On 11th December the Central government has re-introduced three bills to amend India’s criminal laws, namely the Bharatiya Nyaya (Second) Sanhitathe Bharatiya Nagarik Suraksha (Second) Sanhita and the Bharatiya Sakshya (Second) Bill, 2023. and the Central government had withdrawn the earlier versions of the three criminal law bills, namely the Bharatiya Nyaya Sanhita, the Bharatiya Nagarik Suraksha Sanhita and the Bharatiya Sakshya (Second) Bill, 2023.

Union Home Minister Amit Shah addressing the Lok Sabha had earlier stated that the process of drafting the three proposed laws involved consultations with 18 States, 7 Union Territories, judges from the Supreme Court and High Courts, 22 law universities, 142 Members of Parliament (MPs), 270 Members of Legislative Assemblies (MLAs) and numerous members of the public. This effort spanned four years and encompassed a total of 158 meetings.

The bills have now been re-introduced with certain changes.

Bharatiya Nyaya (Second) Sanhita

  • The Bharatiya Nyaya (Second) Sanhita now comprises 358 sections. The first version of this bill had 356 sections, with 175 sourced from the Indian Penal Code (IPC) with alterations, and by which 22 Sections were proposed to be repealed, and 8 new Sections introduced.
  • In this bill two new provisions have been added to the revised bill, Sections 73 (publishing court proceedings without permission) and 86 (cruelty defined).
    • Section 73 Printing or publishing any matter relating to Court proceedings without permission.
      • Whoever prints or publishes any matter in relation to any proceeding before a Court with respect to an offence referred to in section 72 without the previous permission of such Court shall be punished with imprisonment of either description for a term which may extend to two years and shall also be liable to fine.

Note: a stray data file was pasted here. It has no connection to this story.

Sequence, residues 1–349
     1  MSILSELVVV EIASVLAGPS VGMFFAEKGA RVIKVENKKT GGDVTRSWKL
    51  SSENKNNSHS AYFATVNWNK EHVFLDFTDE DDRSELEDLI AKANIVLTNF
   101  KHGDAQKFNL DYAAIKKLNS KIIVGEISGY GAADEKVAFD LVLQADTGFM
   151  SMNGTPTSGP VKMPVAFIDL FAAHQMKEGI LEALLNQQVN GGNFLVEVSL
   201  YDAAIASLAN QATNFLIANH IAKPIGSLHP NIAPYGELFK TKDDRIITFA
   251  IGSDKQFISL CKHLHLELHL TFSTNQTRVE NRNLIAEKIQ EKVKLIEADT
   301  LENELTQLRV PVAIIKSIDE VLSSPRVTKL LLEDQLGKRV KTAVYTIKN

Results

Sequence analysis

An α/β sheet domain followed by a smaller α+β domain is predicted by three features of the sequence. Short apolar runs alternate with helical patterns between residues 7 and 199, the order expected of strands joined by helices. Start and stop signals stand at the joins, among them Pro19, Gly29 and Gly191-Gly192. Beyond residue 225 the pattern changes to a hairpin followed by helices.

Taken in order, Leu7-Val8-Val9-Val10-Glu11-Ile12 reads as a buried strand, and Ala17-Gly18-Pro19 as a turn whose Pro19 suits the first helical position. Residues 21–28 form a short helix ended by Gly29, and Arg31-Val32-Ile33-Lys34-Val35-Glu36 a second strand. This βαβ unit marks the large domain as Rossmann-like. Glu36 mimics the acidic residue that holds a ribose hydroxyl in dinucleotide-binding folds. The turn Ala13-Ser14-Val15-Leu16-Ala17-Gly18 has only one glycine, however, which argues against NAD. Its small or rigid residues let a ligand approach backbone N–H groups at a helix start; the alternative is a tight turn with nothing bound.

• The printing or publication of the judgment of any High Court or the Supreme Court does not amount to an offence within the meaning of this section.
    • Section 86 Cruelty defined.
      • For the purposes of section 85, “cruelty” means—
        1. any wilful conduct which is of such a nature as is likely to drive the woman to commit suicide or to cause grave injury or danger to life, limb or health (whether mental or physical) of the woman; or
        2. harassment of the woman where such harassment is with a view to coercing her or any person related to her to meet any unlawful demand for any property or valuable security or is on account of failure by her or any person related to her to meet such demand.
  • The term “mental illness” in the first iteration of the BNS has been replaced by the phrase “unsound mind”, as suggested by the Parliamentary Standing Committee.
  • There has also been a change to Section 23 of the Bill, which deals with acts of a person incapable of judgment by reason of intoxication caused against his will.
    • The revised provision: – “Nothing is an offence which is done by a person who, at the time of doing it, is, by reason of intoxication, incapable of knowing the nature of the act, or that he is doing what is either wrong, or contrary to law; provided that the thing which intoxicated him was administered to him without his knowledge or against his will.”
      • The earlier provision had the word “unless” instead of “provided”.